About Familial Hypercholesterolemia Type B

Cholesterol has many important functions in the body. But too much cholesterol, specifically low-density lipoprotein (LDL) cholesterol, can clog arteries and raise the risk of heart attack, stroke and other forms of cardiovascular disease. Lifestyle factors like diet and exercise can affect cholesterol levels, but genetic factors play a part too. Some forms of inherited high cholesterol are caused by mutations in the genes that encode the proteins that help the body clear LDL cholesterol from the bloodstream. When a mutation occurs in the APOB gene, the condition is called familial hypercholesterolemia type B (also known as familial defective apolipoprotein B-100).

Genes vs. Environment Inherited forms of high cholesterol can be due to mutations in several different genes. This report is about mutations in APOB, which cause a condition known as familial hypercholesterolemia type B (FH type B, also known as familial defective apolipoprotein B-100). 23andMe reports data for three APOB mutations. You can still have an APOB mutation that could cause FH type B even if your data indicates that you are a non-carrier. Mutations in genes other than APOB (not reported here) can also cause inherited forms of high cholesterol. Regardless of your genotype, non-genetic factors such as your diet and exercise habits can affect your cholesterol levels. If you are concerned about cholesterol or cardiovascular disease, consult a medical professional.

A genetic counselor can help you understand more about your 23andMe reports and respond to your genetic health questions. 23andMe is collaborating with Informed Medical Decisions, Inc., to give you direct access to board-certified genetic counselors that have been specifically trained to guide you through your 23andMe results. Click here to learn more about their independent genetic counseling services.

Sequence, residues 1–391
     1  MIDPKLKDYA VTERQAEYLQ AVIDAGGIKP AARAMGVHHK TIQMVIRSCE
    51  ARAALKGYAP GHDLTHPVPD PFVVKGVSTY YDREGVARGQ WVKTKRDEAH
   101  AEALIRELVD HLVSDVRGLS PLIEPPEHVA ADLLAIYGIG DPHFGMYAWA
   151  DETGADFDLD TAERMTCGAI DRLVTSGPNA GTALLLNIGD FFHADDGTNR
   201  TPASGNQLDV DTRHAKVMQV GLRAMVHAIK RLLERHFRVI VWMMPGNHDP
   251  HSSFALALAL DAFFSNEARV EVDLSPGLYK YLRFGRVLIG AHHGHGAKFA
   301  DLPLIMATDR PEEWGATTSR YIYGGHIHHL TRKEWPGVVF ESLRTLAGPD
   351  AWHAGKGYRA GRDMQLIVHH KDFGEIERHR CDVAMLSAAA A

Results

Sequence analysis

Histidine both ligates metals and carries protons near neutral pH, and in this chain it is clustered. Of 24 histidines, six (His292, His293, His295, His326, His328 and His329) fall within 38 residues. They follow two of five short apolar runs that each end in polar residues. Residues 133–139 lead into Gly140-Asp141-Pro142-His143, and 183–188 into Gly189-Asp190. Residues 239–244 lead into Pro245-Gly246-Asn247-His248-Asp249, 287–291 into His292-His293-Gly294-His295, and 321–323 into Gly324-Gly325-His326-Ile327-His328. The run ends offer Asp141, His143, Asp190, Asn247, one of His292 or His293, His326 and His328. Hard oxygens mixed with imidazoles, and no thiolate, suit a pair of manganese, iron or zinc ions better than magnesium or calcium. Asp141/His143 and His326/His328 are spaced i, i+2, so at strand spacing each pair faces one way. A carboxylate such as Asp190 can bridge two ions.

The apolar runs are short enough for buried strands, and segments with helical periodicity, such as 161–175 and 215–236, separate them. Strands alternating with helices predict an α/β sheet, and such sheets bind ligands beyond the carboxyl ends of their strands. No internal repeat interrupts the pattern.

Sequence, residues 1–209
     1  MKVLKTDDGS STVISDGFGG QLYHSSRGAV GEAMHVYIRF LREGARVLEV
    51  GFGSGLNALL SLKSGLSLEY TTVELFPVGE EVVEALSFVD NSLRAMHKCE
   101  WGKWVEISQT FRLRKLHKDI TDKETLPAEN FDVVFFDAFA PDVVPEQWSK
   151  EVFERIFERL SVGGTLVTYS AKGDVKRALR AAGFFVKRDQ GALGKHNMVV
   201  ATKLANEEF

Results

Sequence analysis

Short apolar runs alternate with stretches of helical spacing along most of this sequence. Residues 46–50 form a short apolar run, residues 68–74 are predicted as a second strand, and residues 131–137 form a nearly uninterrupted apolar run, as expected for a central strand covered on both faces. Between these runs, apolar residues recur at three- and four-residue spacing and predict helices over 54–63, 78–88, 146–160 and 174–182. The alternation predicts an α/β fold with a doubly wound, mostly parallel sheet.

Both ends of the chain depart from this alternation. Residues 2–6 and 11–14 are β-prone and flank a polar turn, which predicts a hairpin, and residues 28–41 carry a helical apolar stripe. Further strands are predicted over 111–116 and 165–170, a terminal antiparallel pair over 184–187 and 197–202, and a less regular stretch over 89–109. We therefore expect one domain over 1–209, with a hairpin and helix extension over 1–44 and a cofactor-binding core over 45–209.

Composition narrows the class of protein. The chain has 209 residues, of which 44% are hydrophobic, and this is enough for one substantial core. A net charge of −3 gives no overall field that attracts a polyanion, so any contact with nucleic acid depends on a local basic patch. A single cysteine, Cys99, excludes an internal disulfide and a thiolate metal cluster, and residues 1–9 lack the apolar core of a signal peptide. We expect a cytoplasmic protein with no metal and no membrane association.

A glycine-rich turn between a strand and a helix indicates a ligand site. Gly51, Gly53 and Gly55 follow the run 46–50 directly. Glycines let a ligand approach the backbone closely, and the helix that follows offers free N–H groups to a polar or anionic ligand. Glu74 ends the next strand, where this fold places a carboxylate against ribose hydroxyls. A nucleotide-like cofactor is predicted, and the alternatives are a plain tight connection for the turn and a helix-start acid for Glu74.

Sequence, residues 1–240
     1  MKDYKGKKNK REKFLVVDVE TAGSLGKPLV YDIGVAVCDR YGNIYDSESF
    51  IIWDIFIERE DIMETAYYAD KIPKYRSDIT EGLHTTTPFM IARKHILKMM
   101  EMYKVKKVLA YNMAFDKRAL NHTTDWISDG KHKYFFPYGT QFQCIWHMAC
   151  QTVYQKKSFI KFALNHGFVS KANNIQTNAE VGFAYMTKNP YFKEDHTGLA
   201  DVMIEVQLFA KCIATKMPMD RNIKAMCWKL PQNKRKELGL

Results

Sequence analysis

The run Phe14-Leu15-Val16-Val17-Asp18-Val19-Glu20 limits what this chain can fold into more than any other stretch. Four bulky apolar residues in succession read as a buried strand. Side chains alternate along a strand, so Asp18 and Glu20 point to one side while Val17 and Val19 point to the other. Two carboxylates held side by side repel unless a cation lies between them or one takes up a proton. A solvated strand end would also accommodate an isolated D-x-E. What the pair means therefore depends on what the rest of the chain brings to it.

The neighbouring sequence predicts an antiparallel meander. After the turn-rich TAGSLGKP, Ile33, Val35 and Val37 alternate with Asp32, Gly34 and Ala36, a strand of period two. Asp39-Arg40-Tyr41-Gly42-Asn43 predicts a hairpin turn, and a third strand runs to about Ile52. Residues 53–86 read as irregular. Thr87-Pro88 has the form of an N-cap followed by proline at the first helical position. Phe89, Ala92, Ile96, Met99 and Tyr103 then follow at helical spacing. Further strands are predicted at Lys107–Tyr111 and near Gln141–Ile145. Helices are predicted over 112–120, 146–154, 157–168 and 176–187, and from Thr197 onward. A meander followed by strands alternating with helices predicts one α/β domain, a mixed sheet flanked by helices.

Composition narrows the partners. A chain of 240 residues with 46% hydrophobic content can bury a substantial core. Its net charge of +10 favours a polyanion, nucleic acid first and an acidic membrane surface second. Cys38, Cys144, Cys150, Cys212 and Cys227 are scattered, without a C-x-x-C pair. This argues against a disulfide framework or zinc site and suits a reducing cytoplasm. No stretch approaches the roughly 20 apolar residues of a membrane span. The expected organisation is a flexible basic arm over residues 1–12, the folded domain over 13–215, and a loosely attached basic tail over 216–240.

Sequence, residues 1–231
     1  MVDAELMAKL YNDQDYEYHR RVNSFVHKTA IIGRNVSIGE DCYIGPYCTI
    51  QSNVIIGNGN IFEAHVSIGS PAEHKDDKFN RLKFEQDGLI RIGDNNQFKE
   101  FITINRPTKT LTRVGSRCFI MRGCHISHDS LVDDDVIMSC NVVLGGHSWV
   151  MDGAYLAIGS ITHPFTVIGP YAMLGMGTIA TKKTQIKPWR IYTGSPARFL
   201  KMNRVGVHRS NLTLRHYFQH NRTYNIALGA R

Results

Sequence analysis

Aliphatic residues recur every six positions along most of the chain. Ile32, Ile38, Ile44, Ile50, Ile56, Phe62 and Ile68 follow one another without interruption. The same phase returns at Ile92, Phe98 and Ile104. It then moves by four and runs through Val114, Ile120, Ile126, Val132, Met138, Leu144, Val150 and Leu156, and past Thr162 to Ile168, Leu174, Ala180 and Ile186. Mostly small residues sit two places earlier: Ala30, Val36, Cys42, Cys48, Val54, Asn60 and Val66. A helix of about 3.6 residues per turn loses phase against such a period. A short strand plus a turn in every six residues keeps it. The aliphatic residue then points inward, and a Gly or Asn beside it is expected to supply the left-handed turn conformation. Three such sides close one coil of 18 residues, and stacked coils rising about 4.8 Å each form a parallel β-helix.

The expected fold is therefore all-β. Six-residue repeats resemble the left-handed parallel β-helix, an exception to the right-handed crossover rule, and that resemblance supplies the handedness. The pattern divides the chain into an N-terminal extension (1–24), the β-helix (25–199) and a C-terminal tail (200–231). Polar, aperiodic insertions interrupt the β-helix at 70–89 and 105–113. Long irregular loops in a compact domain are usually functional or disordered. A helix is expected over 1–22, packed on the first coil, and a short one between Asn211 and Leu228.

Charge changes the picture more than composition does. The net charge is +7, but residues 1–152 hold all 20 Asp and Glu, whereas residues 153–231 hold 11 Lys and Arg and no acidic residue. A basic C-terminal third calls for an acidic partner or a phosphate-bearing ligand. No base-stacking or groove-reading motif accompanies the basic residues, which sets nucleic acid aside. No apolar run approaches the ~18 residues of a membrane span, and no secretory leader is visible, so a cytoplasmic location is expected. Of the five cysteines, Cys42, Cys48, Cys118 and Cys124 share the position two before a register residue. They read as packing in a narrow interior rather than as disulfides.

Familial Hypercholesterolemia Type B and Your Genes  

Mutations in the genes that encode the proteins that help the body clear LDL cholesterol from the bloodstream cause inherited forms of high cholesterol called familial hypercholesterolemia. Mutations in the APOB gene lead to a form of the condition known as familial hypercholesterolemia type B (FH type B, also known as familial defective apolipoprotein B-100).

Several mutations in the APOB gene have been identified. Overall, APOB mutations are estimated to occur in about one out of every thousand people with European ancestry. The frequency of mutations in this gene in other populations has not been well studied.

23andMe reports data for two mutations known to be associated with elevated LDL cholesterol: R3500Q and R3500W. R3500Q is found mainly in people with European ancestry. R3500W is found mainly in Asian populations.

Having one copy of a mutation in the APOB gene can lead to mildly elevated LDL cholesterol levels. Two copies of a mutation can increase levels even more. However, cholesterol levels vary widely in people with APOB mutations and are probably influenced by other factors, both genetic and non-genetic.

23andMe also reports data for another mutation, R3531C. 23andMe does not include R3531C in its determination of whether or not you are likely to have FH type B because evidence is controversial over whether this mutation causes elevated LDL cholesterol on its own, or only in combination with mutations in other familial hypercholesterolemia-related genes. Information on R3531C is, however, included in the table in the technical report so that you can share a more complete picture of your genetics with your health care professional.

You can still have an APOB mutation that could cause FH type B even if your data indicates that you are a non-carrier. Mutations in genes other than APOB (not reported here) can also cause inherited forms of high cholesterol. If you are concerned about cholesterol or cardiovascular disease, consult a medical professional. 


https://www.23andme.com/health/familial-hypercholesterolemia-typeB/ 
 
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41-45, F
Jul 11, 2010